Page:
Emmett, Aamir, and our InterconnectednessA Sermon on Firearm Violence
Emmett Till, Aamir, And Our Interconnectedness
A sermon delivered at Germantown Mennonite Church, June 2022 – Cate Michelle Beaulieu-Desjardins
1 Corinthians 12: 12-27
Just as a body, though one, has many parts, but all its many parts form one body, so it is with Christ. For we were all baptized by[a] one Spirit so as to form one body—whether Jews or Gentiles, slave or free—and we were all given the one Spirit to drink.
Even so the body is not made up of one part but of many. Now if the foot should say, “Because I am not a hand, I do not belong to the body,” it would not for that reason stop being part of the body. And if the ear should say, “Because I am not an eye, I do not belong to the body,” it would not for that reason stop being part of the body. If the whole body were an eye, where would the sense of hearing be? If the whole body were an ear, where would the sense of smell be?
But in fact God has placed the parts in the body, every one of them, just as he wanted them to be. If they were all one part, where would the body be? As it is, there are many parts, but one body. The eye cannot say to the hand, “I don’t need you!” And the head cannot say to the feet, “I don’t need you!” On the contrary, those parts of the body that seem to be weaker are indispensable, and the parts that we think are less honorable we treat with special honor. And the parts that are unpresentable are treated with special modesty, while our presentable parts need no special treatment.
But God has put the body together, giving greater honor to the parts that lacked it, so that there should be no division in the body, but that its parts should have equal concern for each other.
If one part suffers, every part suffers with it; if one part is honored, every part rejoices with it. Now you are the body of Christ, and each one of you is a part of it.
A few years ago my partner and I eagerly awaited the opening of the new National Museum of African-American History and Culture in Washington D.C. At the time, tickets were released one morning every month and snapped up within minutes. We got up very early one day and were excited to be assigned two tickets at a random timeslot in late Summer. We flew to DC and couldn’t wait to see the new museum – although I’ll admit I hadn’t read as much about it as my partner had.
The museum is designed from the bottom – up: you take an elevator “through time” down to the dawn of enslavement and work your way up through spiraling floors toward present-day history. Somewhere about 1/2 ways up, we encountered a very long line.
We have a rule when traveling: sometimes a line means there’s something good at the end, and being a British-American couple, queuing up is definitely one of our strong points. So we got in the line, not bothering to ask around what it was for. As the line wound around and around, we started to hear mournful music, and then – almost surprisingly – a casket came into view.
It was Emmett Till’s original casket, given to the Smithsonian after being tossed aside in a shed after Emmett had to be exhumed to “prove it was him” as a part of the ever-ongoing investigation into his brutal murder. We stayed in the line, rounded the corner, and, as the exhibit is designed for, peered down into a glass-covered photograph of his body- his grotesquely mutilated face – placed just like it was when his mother courageously chose that the world needed to see “just what they’d done” to Emmett and held his viewing and funeral with an open casket.
Just a month or so earlier I walked briskly down a hospital corridor. I was on one of my least-favorite 24-hour weekend shifts at the hospital. The pager had gone off. That, of course, wasn’t unusual. To see a Trauma STAT, our highest triage level at 12 noon was unusual. The page read simple, GSW, 5 y.o. GSW stands for Gun Shot Wound. We waited and waited in the trauma bay, every doctor and team imaginable. Let’s just say that waiting that long is rarely if ever good. When he arrived, it became immediately clear he had been shot in the face and there was very little that could be done. I won’t describe to you in detail what I saw that day, but I will tell you that it is simultaneously something I will never, ever forget, and something my resilient brain – in protecting me – tries really hard to make me forget. I will also tell you that while his body was indescribable, there is one detail that stands out. It was a hot July day, and like many little kids, his family had set up the sprinkler outside to help him cool off. The clothes he wore as he was shot and later died were tiny little spider-man swim trunks.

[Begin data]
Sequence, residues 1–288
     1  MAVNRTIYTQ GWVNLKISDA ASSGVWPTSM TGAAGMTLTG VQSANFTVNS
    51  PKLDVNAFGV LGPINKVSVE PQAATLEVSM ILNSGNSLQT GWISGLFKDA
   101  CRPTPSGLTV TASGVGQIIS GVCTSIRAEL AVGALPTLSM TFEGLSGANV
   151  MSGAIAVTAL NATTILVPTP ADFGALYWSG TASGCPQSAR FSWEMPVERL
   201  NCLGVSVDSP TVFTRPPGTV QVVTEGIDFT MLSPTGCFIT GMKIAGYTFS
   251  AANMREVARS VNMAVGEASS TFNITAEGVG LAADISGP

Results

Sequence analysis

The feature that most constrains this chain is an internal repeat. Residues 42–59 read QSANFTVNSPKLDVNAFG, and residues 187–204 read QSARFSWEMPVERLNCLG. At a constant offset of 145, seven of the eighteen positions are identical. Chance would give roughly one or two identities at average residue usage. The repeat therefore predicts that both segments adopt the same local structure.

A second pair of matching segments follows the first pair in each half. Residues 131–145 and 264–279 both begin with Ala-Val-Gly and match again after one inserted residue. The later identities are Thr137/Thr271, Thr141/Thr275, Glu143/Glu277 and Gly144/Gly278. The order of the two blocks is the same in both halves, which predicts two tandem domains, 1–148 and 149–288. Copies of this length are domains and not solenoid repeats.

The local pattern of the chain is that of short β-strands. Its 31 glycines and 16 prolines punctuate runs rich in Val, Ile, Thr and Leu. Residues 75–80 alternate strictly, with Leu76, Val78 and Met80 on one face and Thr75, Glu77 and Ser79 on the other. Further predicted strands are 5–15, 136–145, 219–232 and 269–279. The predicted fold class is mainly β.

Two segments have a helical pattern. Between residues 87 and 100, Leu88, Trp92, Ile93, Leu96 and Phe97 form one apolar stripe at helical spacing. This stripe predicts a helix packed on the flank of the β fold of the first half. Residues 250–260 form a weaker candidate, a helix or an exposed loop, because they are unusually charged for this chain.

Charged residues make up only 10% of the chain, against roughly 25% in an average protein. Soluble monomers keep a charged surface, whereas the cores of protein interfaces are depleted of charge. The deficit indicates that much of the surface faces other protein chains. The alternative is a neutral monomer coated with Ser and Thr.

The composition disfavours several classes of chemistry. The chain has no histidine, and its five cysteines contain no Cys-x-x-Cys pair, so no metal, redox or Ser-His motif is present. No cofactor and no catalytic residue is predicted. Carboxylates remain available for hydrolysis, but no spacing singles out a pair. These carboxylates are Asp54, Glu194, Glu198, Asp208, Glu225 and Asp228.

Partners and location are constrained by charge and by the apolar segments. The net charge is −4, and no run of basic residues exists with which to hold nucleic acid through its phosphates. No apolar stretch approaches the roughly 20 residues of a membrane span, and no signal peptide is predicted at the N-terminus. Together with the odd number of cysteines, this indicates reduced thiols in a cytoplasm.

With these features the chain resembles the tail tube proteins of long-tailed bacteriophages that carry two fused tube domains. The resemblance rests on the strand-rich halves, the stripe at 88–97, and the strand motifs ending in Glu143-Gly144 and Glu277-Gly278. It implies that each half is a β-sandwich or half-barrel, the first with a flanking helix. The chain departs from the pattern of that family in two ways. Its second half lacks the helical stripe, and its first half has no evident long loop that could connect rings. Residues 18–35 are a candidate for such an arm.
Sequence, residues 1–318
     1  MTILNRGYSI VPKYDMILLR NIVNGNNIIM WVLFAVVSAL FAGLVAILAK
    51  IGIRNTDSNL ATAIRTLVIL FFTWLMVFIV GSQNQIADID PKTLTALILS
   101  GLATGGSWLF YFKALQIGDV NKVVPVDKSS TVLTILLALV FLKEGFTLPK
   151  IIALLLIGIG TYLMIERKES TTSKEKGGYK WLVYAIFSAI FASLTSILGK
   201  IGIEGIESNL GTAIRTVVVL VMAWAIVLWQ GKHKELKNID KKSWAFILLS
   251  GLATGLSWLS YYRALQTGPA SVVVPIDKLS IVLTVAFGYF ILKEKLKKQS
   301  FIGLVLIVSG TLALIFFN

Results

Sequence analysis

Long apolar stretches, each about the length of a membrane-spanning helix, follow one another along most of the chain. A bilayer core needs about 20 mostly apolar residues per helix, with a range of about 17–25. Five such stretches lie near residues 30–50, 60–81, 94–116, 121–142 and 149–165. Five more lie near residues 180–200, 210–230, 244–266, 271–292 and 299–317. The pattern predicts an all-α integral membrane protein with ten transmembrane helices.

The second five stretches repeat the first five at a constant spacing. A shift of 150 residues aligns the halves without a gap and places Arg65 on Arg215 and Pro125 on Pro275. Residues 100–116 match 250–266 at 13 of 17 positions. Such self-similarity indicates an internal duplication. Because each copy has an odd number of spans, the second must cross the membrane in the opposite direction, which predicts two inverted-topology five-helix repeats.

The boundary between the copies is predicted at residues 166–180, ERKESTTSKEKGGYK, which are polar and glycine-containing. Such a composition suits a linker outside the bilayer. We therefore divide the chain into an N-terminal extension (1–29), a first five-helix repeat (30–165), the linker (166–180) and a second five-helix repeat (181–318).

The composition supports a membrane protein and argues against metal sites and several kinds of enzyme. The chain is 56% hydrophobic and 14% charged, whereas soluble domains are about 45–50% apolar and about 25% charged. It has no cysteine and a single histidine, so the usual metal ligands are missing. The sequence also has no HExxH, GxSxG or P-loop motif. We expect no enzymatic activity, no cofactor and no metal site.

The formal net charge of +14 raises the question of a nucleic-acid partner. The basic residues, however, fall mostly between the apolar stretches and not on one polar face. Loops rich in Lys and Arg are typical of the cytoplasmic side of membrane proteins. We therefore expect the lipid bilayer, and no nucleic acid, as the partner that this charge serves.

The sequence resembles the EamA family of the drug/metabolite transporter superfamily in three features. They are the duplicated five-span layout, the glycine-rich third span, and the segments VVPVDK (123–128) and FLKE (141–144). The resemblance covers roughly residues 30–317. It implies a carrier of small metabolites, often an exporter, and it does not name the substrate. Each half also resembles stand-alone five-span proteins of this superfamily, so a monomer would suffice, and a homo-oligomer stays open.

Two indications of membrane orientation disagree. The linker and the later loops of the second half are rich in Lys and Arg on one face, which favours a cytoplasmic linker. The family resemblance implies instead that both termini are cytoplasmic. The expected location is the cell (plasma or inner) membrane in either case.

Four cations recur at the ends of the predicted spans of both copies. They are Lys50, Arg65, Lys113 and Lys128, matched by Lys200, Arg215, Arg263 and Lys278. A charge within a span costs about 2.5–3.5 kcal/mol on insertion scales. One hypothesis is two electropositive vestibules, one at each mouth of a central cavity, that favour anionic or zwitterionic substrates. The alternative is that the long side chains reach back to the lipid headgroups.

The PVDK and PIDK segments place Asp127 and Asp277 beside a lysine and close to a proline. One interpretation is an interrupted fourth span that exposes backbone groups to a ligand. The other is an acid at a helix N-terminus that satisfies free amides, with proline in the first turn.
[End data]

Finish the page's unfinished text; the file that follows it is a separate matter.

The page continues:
I said I wouldn’t describe that little boy’s injuries, but I will tell you that just months later, when I looked down at the photograph of Emmett Till’s face, the first thought I had was: I’ve seen that face before. I had seen a face that looked that…indescribably horrific…just months before. Another Black boy. The violence that killed that five-year-old was not the same brutal racist violence that killed Emmett. No. On the day he was brought in everyone was convinced he somehow got ahold of a firearm and accidentally set it off himself. Months later we learned it was his sibling, another child, picking it up out of curiosity. There is actually a lot more to that side of the story, and that first day in the trauma bay was not, by far, my last encounter with the family, but of course, this is where HIPPA – our patient protection laws – come into force, laws I both love and deeply wrestle with. And wrestled with more that day after seeing Emmett. Because when I really think about it, while we hear so often on the news about these horrific events, there are very few people in the world that truly know, visually and viscerally, what firearms do to children. There was a haunting if cagey NPR article about Uvdale from the medical examiner who would not describe what he saw. Instead, he said, “It’s something you never want to see and it’s something you don’t, you cannot prepare for. It’s a picture that’s going to stay in my head forever, and that’s where I’d like for it to stay.” As always, as healthcare providers, medical examiners, or parents, we only share in parts and metaphors and halves. And part of me understands that. Self-care is important, it’s hard enough to even watch the news, and privacy is important and all of those things. Yet part of me thinks sometimes: but if people had just seen what I’ve seen, or heard the fullness of this story…would this whole situation we are in as a country, this epidemic, this horrific, terrifying, gruesome, inequitable violence be stopped by now? Of course, I’m not standing here before you as some illustrious activist out every day protesting and working to end firearm violence. Sometimes seeing what I’ve seen is also paralyzing and overwhelming. Yet I do think it asks of me, that little boy asks of me, to try my best, to try to tell, to try to hold – which, I suppose, is what I’m doing this morning.